A pensioner quit his care home to become the UK’s oldest first-time buyer after saying he was determined to have his own place to ‘spend his last days in’.
Edward Simon Jones got the keys to his bungalow in Flintshire, north Wales, earlier this week.
He achieved his ambition, paying £147,000 for his home, after years of trying to get on the property ladder.
The 86-year-old, known better as Simon, spent his whole life living on his family’s farm before moving into assisted care facility Marleyfield House, where he has spent the past year.
But he has always wanted to have his own home – and bought the bungalow so he could spend the last years of his life in his own surroundings.
He said: “I’m so excited to finally have a place of my own.
“I loved it at Marleyfield but I want to spend the remaining years I have in my own home.
“It’s been a long time coming but it’s certainly worth the wait.”
Simon’s niece Lynne Palin says it’s something he’s always wanted to do as he finally moved in.
She said: “Simon’s always maintained that he wants to spend the last years of his life in his own place, and he’s absolutely delighted to have the keys to his new bungalow.
“He has solar panels on the roof of the bungalow, and he thought that means he’ll be getting free electricity.”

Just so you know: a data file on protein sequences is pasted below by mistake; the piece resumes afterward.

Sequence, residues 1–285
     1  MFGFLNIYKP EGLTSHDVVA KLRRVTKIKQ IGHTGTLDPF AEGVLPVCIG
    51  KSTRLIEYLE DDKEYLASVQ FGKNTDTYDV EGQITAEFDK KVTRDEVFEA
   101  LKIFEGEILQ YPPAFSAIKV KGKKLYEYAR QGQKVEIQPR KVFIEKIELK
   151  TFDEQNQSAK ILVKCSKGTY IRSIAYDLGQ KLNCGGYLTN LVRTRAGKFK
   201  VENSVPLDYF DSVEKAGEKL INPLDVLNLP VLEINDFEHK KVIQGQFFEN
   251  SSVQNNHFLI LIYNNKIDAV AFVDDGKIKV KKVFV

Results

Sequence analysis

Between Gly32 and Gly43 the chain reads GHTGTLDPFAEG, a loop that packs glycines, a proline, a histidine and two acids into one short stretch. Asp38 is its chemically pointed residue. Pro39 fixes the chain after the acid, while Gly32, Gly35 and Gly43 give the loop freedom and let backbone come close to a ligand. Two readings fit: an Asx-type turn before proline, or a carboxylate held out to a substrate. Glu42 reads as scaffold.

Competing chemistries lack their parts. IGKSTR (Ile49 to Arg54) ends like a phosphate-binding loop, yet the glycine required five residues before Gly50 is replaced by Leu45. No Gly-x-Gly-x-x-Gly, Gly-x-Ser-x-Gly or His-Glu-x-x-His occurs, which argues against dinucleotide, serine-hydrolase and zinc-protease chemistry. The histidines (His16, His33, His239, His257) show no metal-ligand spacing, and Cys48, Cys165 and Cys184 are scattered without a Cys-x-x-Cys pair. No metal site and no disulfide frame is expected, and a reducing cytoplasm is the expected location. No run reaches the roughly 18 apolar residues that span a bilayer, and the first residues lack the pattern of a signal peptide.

“He lived on the Bychton Hall family farm in Mostyn for all his life, before moving in to Marleyfield.
“At Marleyfield he was known as being a real character, and a bit of a ladies’ man – so no doubt he’ll be missed there.
“The home’s cat, Mikey, even slept on his bed every night.”
His big move comes after the Bank of England hiked interest rates from 2.25% to 3% – the biggest single increase since 1989 and keeping the base rate at a 14-year high.
Interest rates, raised to try and cool soaring inflation, were set at 0.1% just a year ago.
The idea is that by raising interest rates, households will spend less and this should mean inflation will drop.
Chancellor Jeremy Hunt has pointed the finger at ousted Prime Minister Liz Truss and her disastrous economic policies for the financial turmoil.